missing stone tile from upper door suround

Missing stone tile from upper door surround.

Problem #2 The doors are old and not very airtight, making them drafty and not as energy-efficient as they should be.

Light and air gaps are visible in the sunshine

Light and air gaps are visible in the sunshine.

Problem # 3 The amount of light that passes through the windows on the doors is not installed with U.V.Ray protective glass and the amount of heat and sun damage from the windows is an issue.

Problem #4 the inside of the entryway looks fine but needs updated with new lights and some wood and stone to tie it with the family room remodel.

inside of all white entryway before update

Inside the all white entryway before update.

So as spring approaches I need to get started on looking at new energy-efficient french doors. I want less glass and the glass that in the new doors must be U.V. Ray reducing.  We hope to install new flooring in the kitchen some time in the future and I want to eliminate the possibility of fading to a new floor. I also want less glass because the doors are on the western side of  the house. The sun just burns through the current windows allowing too much heat into the house the afternoons.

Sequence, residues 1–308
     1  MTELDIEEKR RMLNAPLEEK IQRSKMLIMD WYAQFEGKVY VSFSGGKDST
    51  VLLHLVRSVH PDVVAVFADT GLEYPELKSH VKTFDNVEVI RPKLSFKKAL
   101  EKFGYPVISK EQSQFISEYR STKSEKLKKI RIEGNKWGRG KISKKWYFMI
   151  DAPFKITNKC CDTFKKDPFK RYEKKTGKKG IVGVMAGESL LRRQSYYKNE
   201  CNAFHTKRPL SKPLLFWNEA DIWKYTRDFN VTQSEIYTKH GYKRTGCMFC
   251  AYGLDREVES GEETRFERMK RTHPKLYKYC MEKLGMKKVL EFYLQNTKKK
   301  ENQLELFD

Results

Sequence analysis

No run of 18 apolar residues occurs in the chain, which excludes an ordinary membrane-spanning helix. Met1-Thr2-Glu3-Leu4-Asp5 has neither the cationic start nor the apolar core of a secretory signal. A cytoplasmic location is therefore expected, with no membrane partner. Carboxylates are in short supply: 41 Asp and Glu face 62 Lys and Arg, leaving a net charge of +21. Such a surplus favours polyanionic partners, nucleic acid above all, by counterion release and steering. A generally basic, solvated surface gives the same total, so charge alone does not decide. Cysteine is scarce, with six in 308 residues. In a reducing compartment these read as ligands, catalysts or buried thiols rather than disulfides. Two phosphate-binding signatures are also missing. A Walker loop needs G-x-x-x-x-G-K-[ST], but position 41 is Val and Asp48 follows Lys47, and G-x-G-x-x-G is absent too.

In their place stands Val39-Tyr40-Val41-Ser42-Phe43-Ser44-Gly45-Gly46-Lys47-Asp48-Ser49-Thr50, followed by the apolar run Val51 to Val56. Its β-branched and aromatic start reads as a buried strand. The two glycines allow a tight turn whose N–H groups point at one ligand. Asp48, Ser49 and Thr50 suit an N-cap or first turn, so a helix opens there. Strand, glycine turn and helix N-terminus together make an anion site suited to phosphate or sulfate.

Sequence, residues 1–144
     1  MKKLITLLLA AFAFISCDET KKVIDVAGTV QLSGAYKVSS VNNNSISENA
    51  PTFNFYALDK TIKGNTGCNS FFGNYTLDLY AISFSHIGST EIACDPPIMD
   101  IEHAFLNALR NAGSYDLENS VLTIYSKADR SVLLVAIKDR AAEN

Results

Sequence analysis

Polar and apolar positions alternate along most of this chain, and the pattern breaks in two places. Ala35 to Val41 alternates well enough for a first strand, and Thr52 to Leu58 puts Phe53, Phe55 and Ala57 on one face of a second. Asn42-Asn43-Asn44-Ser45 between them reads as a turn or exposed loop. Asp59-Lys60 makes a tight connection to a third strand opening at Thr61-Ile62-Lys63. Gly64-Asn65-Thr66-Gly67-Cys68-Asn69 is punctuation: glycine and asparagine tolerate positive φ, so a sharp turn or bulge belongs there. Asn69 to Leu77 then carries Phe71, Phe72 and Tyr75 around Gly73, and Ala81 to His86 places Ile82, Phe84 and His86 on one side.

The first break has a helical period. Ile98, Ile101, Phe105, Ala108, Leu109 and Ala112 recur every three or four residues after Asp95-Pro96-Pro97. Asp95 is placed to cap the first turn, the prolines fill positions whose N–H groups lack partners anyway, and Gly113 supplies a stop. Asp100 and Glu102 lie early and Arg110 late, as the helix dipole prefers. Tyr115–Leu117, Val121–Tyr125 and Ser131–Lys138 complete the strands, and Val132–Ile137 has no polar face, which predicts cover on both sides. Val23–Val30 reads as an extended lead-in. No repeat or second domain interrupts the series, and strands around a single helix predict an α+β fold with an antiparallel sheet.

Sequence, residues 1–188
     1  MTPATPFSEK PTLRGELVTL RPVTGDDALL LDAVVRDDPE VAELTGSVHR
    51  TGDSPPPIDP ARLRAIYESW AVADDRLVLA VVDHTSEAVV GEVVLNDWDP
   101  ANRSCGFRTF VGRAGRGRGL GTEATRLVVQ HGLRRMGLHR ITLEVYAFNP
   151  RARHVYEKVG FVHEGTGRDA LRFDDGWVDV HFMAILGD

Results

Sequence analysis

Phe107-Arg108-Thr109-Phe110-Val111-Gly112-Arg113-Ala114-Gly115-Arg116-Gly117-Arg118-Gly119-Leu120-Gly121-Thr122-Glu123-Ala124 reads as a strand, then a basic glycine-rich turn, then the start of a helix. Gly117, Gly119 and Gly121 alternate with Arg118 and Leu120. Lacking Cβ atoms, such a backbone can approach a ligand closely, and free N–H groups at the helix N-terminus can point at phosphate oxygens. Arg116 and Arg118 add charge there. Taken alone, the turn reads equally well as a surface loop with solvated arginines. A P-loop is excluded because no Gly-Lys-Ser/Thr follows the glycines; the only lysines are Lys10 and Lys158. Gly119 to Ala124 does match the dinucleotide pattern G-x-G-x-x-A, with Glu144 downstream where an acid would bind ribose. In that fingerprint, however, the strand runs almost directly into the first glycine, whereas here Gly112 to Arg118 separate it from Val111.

I will be working with a contractor who will be help us with measurements and ordering the new doors and will return again for installation. French doors are a two or three-man job for installation and Tom and I will need all the help we can get to get them into place in one day.

As for the tile on the outside of the house we will replace the doors first and allow any of the old facade to become damaged or cut away before we even think about replacement. Once the doors are in place, the removal of the fake stone will begin and we will be ready to order the new tile. We are planning on using Ledger Tile with natural colors of sandstone to blend in with the brick of the house. The application will be almost the same as the “fake stone” but done with better water-resistant backer boards and lots more mortar.